• While about 34 percent of white adults have obtained bachelor’s degrees by age 25-29, the same is true for just 18 percent of African American adults and only 10 percent of Hispanic adults in the same age bracket.

These painful truths present significant challenges to institutions and educators. Unless we improve performance related to access and affordability, the U.S. system of higher education—once the envy of the world—will continue to erode and fewer people will benefit from the college experience.

At a time when our nation desperately needs an educated workforce, many institutions are struggling with insufficient capacity to serve those seeking a better life through education. Though some capacity constraints are real (e.g., a limited number of clinicals for nursing students), most are artifacts of unsound practices such as course scheduling driven by faculty preferences rather than student demand or underutilization of space during non-traditional class times. Regardless of the practice, the common denominators are a lack of data for decision-making and the institutional will to act.

Managing capacity effectively requires a change in culture as well as the expertise and information enrollment managers can contribute to capacity decisions. This is just one example of the need for academic leaders and enrollment managers to collaborate in order to maximize enrollment opportunities. Too often, enrollment outcomes are believed to be the sole purview of enrollment personnel. The truth, however, is that no marketing effort will overcome a stale academic product or a program mix that fails to meet the needs of students, industry, and the community (Black, 2008). Likewise, students choose to enroll and persist at institutions primarily because of the quality of academic programs and interactions with faculty, not because of slick recruitment publications, a compelling Web site, or retention programs. An insular approach to enrollment management will yield minimal results. Substantive involvement of the academic enterprise and the strategic use of academic-related data are central to achieving desired enrollment objectives.

II. What Are the Emerging New Directions in Analytics and Performance Measurement?

For many in the academy, the only performance measure that matters is the aggregate enrollment numbers. This “bottom line” method of analyzing the effectiveness of strategic enrollment management is based on a faulty mental map—if enrollment targets are met, recruitment and retention efforts are working and conversely, if goals are not achieved, something must be broken. Obviously, this approach is far too limiting and may, in fact, yield false conclusions—unknowingly placing the institution on the brink of an enrollment crisis. A more prudent method of evaluating enrollment vitality is to regularly examine the current reality, environmental factors that may impact enrollment outcomes, strategic opportunities, key performance indicators, and effectiveness measures.

The current reality. A self-assessment or a review by an objective, external consultant of institutional strengths, weakness, opportunities, and threats (SWOT analysis) combined with a review of enrollment practices will expose performance gaps. Fundamental to a review of the current reality is an analysis of existing marketing and communications, outreach strategies, recruitment events and activities, the campus visit experience, financial aid practices, retention strategies, student services, enrollment processes, workflow, response time, organizational structure, staffing levels and patterns, technology optimization, space utilization, capacity management, planning and evaluation practices, vision, goals, and the development of human capacity. When identified gaps are addressed systematically, the result is improved performance and optimal enrollment outcomes.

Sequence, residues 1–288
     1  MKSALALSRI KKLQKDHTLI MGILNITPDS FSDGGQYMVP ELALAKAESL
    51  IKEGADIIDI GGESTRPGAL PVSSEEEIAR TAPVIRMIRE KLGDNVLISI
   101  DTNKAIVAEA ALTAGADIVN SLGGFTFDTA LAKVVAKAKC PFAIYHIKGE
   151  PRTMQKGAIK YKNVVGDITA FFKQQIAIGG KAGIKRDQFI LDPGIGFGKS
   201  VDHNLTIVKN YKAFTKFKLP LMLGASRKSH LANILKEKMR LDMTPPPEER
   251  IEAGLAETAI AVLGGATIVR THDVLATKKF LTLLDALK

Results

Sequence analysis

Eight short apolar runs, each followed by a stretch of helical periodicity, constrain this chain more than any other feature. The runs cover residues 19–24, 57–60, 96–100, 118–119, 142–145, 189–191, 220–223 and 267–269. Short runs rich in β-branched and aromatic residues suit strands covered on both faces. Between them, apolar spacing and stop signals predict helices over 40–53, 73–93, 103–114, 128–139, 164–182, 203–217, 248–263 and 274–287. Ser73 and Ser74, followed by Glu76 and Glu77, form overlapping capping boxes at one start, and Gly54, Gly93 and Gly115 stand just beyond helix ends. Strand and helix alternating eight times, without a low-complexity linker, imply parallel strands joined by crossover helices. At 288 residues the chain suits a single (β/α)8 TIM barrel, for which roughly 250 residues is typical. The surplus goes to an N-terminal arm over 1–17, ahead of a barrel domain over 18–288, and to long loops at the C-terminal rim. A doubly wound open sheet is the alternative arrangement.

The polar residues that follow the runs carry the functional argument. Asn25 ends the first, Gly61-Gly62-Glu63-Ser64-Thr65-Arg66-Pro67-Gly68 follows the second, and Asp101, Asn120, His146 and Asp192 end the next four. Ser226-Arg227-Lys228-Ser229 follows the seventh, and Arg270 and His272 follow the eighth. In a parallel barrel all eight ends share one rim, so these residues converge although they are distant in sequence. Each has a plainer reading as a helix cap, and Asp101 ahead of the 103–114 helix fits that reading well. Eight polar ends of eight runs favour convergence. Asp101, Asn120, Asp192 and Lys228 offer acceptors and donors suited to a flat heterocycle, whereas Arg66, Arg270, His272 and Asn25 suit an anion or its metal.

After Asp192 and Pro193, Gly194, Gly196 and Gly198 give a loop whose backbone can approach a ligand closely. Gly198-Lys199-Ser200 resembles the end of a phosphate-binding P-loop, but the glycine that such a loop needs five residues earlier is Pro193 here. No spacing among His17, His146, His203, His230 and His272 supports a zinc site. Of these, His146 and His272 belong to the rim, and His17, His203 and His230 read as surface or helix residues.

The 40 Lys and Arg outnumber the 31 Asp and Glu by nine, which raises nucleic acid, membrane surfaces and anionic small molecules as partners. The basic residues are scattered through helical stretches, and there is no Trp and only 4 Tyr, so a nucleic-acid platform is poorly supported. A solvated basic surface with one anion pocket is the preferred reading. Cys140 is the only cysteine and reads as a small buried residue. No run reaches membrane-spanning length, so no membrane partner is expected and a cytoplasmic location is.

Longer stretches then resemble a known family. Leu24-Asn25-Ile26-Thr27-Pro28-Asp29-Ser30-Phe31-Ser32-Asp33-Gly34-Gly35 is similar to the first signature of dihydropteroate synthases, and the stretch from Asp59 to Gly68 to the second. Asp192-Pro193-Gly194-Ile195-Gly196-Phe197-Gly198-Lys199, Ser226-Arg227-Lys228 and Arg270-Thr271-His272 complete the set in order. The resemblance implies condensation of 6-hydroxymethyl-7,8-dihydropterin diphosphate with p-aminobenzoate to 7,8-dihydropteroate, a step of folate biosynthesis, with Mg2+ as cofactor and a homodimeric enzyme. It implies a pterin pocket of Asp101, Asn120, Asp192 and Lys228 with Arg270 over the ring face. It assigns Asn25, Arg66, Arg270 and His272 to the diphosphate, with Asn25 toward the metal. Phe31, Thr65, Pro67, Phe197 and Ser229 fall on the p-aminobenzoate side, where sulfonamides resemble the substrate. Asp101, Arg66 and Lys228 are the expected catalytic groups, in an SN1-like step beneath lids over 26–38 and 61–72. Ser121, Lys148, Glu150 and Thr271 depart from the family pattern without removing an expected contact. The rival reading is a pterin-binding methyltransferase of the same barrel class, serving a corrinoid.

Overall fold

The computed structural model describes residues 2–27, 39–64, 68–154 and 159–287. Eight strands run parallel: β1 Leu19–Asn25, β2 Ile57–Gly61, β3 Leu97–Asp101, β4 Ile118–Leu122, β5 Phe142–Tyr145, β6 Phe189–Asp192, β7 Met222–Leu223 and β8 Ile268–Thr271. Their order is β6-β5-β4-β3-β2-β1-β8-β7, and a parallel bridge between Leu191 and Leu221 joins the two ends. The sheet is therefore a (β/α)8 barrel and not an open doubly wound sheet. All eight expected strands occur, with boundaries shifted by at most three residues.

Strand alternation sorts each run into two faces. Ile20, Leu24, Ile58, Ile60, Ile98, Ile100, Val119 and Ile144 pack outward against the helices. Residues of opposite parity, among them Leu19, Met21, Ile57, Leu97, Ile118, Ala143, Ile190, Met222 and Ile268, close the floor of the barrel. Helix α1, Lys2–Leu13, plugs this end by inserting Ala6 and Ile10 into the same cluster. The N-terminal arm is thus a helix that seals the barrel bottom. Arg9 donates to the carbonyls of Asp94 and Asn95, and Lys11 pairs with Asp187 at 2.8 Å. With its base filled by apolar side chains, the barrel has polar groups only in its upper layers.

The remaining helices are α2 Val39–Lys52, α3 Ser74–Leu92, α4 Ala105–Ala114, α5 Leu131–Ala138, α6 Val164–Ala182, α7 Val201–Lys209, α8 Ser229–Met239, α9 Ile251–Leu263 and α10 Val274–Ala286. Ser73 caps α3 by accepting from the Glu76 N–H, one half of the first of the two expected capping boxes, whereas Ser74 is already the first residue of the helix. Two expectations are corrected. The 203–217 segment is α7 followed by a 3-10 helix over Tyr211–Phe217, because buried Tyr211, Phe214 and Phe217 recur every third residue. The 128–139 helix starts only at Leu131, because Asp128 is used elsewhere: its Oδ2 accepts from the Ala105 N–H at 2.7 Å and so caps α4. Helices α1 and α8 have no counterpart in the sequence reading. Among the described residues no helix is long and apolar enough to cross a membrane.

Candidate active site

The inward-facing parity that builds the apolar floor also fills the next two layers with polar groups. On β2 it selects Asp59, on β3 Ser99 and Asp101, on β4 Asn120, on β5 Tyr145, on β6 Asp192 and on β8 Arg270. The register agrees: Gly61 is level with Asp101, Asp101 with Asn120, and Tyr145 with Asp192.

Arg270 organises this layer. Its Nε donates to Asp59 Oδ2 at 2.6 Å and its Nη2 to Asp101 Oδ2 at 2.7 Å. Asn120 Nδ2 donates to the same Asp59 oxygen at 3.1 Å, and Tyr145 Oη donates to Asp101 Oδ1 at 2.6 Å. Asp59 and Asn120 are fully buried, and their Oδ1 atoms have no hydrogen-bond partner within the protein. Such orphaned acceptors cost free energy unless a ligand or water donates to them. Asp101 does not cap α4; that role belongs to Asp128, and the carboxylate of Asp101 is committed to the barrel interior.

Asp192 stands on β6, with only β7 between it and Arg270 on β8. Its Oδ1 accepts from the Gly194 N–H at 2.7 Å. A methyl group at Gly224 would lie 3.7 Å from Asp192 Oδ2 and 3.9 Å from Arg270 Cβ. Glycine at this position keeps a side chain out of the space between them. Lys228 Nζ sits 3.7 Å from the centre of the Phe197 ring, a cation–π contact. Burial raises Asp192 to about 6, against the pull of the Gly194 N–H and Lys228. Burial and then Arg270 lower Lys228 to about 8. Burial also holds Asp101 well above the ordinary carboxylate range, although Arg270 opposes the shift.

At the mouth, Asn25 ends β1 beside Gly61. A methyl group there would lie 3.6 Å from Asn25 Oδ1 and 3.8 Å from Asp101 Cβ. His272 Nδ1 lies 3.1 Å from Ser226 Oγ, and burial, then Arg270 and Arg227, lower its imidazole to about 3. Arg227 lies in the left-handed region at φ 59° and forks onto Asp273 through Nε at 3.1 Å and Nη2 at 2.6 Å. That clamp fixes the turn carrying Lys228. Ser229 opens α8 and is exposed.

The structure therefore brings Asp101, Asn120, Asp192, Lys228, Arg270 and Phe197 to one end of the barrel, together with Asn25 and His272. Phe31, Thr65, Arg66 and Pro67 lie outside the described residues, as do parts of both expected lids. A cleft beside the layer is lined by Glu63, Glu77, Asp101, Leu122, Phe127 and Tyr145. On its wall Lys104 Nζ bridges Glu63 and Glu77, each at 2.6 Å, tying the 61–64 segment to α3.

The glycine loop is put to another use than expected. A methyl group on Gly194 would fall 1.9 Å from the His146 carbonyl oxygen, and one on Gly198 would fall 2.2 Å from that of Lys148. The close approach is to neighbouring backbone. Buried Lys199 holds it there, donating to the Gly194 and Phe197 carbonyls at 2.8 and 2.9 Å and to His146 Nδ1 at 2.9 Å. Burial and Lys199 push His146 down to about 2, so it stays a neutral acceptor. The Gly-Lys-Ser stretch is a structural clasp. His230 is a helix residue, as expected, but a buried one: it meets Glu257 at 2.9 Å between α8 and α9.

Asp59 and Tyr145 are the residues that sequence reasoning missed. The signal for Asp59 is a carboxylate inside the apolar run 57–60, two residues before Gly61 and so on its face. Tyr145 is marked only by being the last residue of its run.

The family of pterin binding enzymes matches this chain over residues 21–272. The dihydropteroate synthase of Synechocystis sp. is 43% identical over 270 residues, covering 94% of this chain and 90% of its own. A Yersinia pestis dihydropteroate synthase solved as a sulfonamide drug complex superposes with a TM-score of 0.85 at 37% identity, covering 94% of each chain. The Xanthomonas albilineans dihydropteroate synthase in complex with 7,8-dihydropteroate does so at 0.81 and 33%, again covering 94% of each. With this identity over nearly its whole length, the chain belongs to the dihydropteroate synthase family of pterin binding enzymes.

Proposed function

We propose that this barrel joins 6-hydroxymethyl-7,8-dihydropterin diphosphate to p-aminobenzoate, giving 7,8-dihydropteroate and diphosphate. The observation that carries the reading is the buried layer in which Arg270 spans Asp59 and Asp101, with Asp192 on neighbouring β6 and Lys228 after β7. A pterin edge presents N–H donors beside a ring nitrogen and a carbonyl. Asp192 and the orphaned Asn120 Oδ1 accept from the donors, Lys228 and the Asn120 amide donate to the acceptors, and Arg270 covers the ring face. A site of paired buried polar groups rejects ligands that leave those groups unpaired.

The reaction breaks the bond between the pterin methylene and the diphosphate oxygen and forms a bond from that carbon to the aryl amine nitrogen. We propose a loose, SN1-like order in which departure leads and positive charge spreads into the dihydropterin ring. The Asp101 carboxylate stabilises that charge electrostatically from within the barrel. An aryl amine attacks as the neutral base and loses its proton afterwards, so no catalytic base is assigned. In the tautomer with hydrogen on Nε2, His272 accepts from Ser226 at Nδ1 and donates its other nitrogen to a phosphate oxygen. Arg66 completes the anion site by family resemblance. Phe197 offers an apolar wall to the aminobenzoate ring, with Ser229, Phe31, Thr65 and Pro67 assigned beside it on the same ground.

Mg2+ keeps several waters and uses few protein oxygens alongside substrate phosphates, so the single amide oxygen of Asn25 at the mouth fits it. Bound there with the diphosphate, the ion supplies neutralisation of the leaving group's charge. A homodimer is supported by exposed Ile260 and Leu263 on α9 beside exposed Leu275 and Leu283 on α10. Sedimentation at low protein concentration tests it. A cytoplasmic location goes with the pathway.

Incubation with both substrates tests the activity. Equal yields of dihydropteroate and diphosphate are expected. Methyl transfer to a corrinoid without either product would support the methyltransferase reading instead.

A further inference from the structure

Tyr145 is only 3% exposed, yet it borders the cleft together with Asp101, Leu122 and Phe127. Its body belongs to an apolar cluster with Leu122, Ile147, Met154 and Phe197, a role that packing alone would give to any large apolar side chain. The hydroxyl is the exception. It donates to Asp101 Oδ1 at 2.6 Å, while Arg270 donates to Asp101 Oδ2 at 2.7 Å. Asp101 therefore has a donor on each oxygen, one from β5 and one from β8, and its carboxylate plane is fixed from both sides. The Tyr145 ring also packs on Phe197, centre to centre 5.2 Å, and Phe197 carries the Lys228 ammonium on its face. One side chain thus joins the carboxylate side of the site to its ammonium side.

Environmental factors. Before the advent of the Internet and the Information Age, it was painstaking to find reliable intelligence regarding environmental factors. Today, however, the challenge is to sift through volumes of information to identify and extract nuggets of strategic insight into market conditions that may impact enrollment outcomes positively or negatively. Narrowing the scope of an environmental scan by determining the right research questions on the front end will make the process manageable. According to Kotler and Murphy (1981), there are three critical questions to explore:

• What are the major trends in the environment that may impact institutional enrollments?
• What are the implications of these trends for the institution?
• What are the most significant opportunities and threats?

Gathered information should include key findings and institutional implications related to demographic trends, labor market trends, economic trends, social and lifestyle trends, technology trends, education trends, and competition trends. Each of these trend categories should be arranged under subheadings such as global, national, regional, state, and local (Black, 2008).

Strategic opportunities. Environmental factors along with current reality findings and recommendations provide a framework and direction for enrollment planning as well as a foundation for identifying strategic opportunities. Strategic opportunities are not an exhaustive list of enrollment possibilities but rather five to ten opportunities that will move significant “institutional needles.” Identified strategic opportunities will drive strategy development, so the number of opportunities selected must be manageable.

Key performance indicators. Institutions typically have identified an aggregate enrollment goal (e.g., total student headcount, credit hours, or FTEs). Many have not defined KPIs such as student quality, student diversity, course completions, retention rates, graduation rates, and student satisfaction. A holistic perspective of the major enrollment indicators provides a more accurate gauge of institutional progress.